Lindy Lions HellzaPoppin Hoopla weekend of dancing, competition, instruction

Feb. 16, 2015

DeKeveion Glaspie
dglaspie@uccs.edu

With dances ranging from the Lindy Hop to the Charleston and everything in between, students and residents of Colorado Springs were able to learn dance moves and share their own.

Over the weekend of Feb. 6, the Lindy Lions swing dancing club hosted their second annual HellzaPoppin Hoopla.

Lindy Lions’ student instructors Stephanie Guffey and Jon Savage taught beginners basic moves such as the East Coast, Blues and the Charleston. Although there was dancing and fun, Guffey wanted to make sure that history was also involved.

“We want to incorporate history with the dances and for people to know where they originated from. Jazz, for instance, was started in the 1920s by the African-American youth,” Guffey said.

“Although it died down it was revived in the ‘90s. Jazz is something that was made in America by Americans. It is this piece of our culture we should be proud of.”

HellzaPoppin Hoopla included the history of other dances with showings of short films and lectures.

The first night ended with a social dance that included line dances and a contest. Six contestants took the stage to show off their best moves.

Contestants included dances in their routine such as breakdancing and Jazz moves. Hannah Monroe, a resident of Colorado Springs, stood out among other dancers and took first place.

“It feels great to win … I knew some dances such as the ‘Tranky Doo’ and ‘Shim Sham’ and once you know those kinds of moves it is easier to incorporate in your routine,” she said.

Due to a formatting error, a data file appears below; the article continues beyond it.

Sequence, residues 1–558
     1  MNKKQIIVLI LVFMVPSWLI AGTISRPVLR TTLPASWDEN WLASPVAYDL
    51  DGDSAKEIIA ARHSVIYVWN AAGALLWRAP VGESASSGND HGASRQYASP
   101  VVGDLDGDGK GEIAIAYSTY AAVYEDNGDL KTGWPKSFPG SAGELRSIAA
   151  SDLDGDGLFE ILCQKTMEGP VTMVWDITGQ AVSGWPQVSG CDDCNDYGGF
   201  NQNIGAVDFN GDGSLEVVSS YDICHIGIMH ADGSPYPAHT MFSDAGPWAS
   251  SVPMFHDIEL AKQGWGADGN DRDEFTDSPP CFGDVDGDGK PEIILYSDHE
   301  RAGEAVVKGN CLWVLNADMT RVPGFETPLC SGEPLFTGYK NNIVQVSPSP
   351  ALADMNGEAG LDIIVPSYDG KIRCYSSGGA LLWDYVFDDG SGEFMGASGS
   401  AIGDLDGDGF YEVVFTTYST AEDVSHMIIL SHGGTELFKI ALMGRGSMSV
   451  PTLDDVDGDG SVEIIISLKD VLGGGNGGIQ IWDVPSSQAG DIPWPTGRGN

The social dance, held every night of the three day Hoopla, was a great way for beginners to practice moves and advanced dancers to learn something new.

“I enjoyed that even though I have taken many swing dance lessons I was still able to learn new moves,” first-time attendee Russell Klimas said. “Even though you are at a high level you can always learn new things.”

Lindy Lions has been teaching people about dance since 2008, but the Hoopla is a unique opportunity, according to Guffey.

“We are able to bring in dancers from other cities. This is a great way to see new dances. It is also a fishbowl of history,” she said.

Guffey stressed that the club welcomes people from all areas.

“We are very open to many different backgrounds and do not judge anyone based on their preferences of any kind,” she said.

Those who are interested in swing dancing can join Lindy Lions every Monday night from 7 to 10 p.m. in Berger Hall. Dancers of all levels are welcome.

2 thoughts on “Lindy Lions HellzaPoppin Hoopla weekend of dancing, competition, instruction

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